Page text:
Little more than a week ago, Hillary Clinton was leading Donald Trump in national polling by six points or more. Panic was setting in among Republicans that they would not only lose the White House, but maybe the House and Senate, too. Now, with only days to go before election day, the gap is just two points — and closing.
But despite Trump’s improving odds, he still faces a stiff challenge in cobbling together enough states to give him a winning electoral map. Nevertheless, the momentum is not heading in Clinton’s direction, a shift that was building in the polls before her trouble with emails re-emerged on Friday.
As of Tuesday’s Presidential Poll Tracker update, incorporating polls in the field as late as Monday, Clinton stands at 47 per cent among decided voters, compared to 45.1 per cent for Trump. That is the narrowest gap recorded by the tracker since before the first of three presidential debates that saw Trump’s poll numbers plummet.
Since Friday, the margin between the two candidates has tightened by 2.8 points, thanks to both a drop in support for Clinton and for third party candidates like Libertarian Gary Johnson and Green Party nominee Jill Stein, who now combine for just 7.9 per cent in the polls.
But can this slide for Clinton be chalked up to the news that the FBI is looking into emails that may or may not be pertinent to its previous investigation of the former secretary of state’s use of a private server?
That isn’t clear. While the margin has narrowed in recent days, that was part of an ongoing trend. Just over a week ago, Clinton was ahead by 6.9 points in the poll averages. By Thursday, the day before the FBI inserted itself into the presidential campaign, the gap was already down to 4.7 points.
Trump’s map still tricky
Clinton is still favoured to win the presidency because she is currently ahead in enough states to award her 317 electoral college votes, more than the 270 she needs to win. Trump trails with 221 votes.
But one major change over the last week is there are now enough swing states to theoretically put Trump in the White House. If all these swing states swung his way, he could win as many as 300 electoral college votes.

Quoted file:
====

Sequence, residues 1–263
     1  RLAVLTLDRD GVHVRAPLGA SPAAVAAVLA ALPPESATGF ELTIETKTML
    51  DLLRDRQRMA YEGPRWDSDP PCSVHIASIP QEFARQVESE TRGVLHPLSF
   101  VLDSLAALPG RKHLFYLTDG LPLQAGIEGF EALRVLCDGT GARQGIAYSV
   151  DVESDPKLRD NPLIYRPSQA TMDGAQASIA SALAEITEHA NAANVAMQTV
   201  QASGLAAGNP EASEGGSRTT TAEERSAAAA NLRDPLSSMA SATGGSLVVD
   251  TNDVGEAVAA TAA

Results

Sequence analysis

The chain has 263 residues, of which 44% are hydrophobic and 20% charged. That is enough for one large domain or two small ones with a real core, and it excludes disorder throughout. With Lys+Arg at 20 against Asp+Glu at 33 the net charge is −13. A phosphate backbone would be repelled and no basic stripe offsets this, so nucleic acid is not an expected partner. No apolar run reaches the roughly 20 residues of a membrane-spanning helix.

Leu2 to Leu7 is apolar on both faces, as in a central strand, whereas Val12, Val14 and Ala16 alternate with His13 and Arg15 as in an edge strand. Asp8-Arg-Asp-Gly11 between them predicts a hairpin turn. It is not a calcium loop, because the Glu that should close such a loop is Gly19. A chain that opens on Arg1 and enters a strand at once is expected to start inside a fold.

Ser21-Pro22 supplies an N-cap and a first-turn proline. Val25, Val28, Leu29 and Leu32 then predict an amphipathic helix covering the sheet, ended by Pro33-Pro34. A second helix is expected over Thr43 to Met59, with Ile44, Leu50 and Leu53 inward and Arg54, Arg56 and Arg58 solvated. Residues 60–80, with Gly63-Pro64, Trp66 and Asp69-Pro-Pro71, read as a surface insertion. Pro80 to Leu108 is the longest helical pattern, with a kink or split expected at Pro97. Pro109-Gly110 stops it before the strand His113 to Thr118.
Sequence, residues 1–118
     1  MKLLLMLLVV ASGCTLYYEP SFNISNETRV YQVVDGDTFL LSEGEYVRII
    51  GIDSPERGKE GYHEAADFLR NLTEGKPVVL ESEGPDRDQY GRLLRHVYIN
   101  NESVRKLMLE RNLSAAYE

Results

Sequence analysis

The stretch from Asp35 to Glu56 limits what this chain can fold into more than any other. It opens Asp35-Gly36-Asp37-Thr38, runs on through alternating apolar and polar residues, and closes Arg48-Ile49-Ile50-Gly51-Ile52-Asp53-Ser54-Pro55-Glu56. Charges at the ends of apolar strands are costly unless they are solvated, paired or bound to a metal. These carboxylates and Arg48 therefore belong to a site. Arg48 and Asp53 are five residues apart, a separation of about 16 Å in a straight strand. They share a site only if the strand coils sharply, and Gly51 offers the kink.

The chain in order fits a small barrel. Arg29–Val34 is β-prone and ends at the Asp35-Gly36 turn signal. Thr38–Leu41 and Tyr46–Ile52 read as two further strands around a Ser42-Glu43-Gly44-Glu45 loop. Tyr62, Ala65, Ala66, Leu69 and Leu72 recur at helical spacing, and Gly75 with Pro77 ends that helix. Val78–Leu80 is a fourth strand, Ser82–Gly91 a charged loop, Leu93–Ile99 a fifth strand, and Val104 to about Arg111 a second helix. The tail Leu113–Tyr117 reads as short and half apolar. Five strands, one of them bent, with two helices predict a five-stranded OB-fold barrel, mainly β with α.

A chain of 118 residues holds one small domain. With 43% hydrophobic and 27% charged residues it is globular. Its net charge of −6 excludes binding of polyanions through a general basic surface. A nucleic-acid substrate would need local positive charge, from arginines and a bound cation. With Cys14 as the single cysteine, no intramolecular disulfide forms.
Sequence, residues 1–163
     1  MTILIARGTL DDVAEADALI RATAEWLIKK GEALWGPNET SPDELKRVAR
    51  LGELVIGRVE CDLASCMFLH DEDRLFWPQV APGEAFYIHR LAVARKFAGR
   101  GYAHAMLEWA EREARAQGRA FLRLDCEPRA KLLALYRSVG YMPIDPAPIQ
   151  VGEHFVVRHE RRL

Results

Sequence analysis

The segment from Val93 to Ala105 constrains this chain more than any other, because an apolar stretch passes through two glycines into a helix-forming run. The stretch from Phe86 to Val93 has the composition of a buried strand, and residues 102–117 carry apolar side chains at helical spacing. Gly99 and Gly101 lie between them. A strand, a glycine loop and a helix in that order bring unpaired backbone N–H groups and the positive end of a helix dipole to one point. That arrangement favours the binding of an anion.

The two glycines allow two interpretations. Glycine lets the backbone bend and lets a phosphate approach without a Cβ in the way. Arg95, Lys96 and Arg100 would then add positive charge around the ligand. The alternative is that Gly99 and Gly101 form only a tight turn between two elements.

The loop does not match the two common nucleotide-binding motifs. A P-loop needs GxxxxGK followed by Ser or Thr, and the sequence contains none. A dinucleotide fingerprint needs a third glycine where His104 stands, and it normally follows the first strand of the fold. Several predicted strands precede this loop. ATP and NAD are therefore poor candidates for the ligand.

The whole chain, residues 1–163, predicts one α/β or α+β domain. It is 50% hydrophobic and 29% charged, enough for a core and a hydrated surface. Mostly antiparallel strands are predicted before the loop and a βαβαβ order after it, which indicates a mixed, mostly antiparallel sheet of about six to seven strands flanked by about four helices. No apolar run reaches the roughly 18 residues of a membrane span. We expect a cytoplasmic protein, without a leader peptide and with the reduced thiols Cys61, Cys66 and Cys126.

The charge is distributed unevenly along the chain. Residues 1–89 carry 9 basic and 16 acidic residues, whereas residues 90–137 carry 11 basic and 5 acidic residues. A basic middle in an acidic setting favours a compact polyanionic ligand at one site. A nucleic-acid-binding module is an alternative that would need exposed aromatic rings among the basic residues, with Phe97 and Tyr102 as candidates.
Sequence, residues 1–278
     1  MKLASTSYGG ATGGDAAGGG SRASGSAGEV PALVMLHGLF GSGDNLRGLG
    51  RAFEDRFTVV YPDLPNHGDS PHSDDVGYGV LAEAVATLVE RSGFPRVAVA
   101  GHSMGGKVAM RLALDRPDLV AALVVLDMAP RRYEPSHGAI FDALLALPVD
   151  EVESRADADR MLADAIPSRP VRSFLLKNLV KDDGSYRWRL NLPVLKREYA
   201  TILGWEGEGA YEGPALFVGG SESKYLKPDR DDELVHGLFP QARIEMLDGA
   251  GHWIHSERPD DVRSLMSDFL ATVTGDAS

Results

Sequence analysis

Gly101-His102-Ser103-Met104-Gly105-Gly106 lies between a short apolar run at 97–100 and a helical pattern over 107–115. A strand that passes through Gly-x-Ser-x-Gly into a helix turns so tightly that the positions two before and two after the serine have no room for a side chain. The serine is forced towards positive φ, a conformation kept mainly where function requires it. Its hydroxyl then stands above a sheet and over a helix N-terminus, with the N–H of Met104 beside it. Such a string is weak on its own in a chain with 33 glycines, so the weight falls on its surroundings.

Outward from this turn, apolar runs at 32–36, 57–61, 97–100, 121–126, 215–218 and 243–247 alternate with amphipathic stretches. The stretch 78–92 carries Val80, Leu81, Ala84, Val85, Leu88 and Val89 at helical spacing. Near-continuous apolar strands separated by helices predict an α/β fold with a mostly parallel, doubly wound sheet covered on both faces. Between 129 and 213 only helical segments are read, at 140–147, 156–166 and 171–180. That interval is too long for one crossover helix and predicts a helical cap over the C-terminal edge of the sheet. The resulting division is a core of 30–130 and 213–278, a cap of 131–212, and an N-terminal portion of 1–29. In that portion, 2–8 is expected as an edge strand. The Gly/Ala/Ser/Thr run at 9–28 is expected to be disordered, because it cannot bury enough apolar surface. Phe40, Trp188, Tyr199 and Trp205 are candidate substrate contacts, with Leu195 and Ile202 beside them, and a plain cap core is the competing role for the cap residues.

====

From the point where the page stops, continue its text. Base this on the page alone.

Winning all of the swing states would be a tall order for the Republican nominee. The linchpin remains, as ever, Florida. If Trump wins all of the states in which he is leading in the polls as well as Florida — where he trails by a few tenths of a percentage point — he would need at least two of the other Democratic-leaning swing states (Colorado, Michigan, North Carolina and Wisconsin) to prevail.
Without Florida, he would need to win all four.
The odds of Trump managing this feat remain low. Based on previous cases where state polls have been off by large enough margins needed for Trump to win, his chances sit at about 18 per cent.
National polls still too high for Trump?
How can it be that Trump, trailing in the national polls by just two points, is not in a better position at the state level? With such a tight race, why isn’t he leading in more swing states?
The reason is that the national polls appear to be seeing the race differently than the state polls.
Mitt Romney had this same problem four years ago. He came up short in 2012 by a wider margin than the national polls — but not the state polls — had predicted.
Using just the state polls to estimate national levels of support today shows Clinton still ahead by 5.8 points. That’s down just 0.7 points from early last week. Her edge in the national poll average has decreased three times as much since then.
Unless the state polls (which come from a wider array of sources and sample more people than the national polls do) are missing the mark, Clinton remains a bigger favourite to win the presidency than the tightening national margin would suggest.
But there’s no doubt her odds have significantly worsened in a matter of days — and at the worst possible time.
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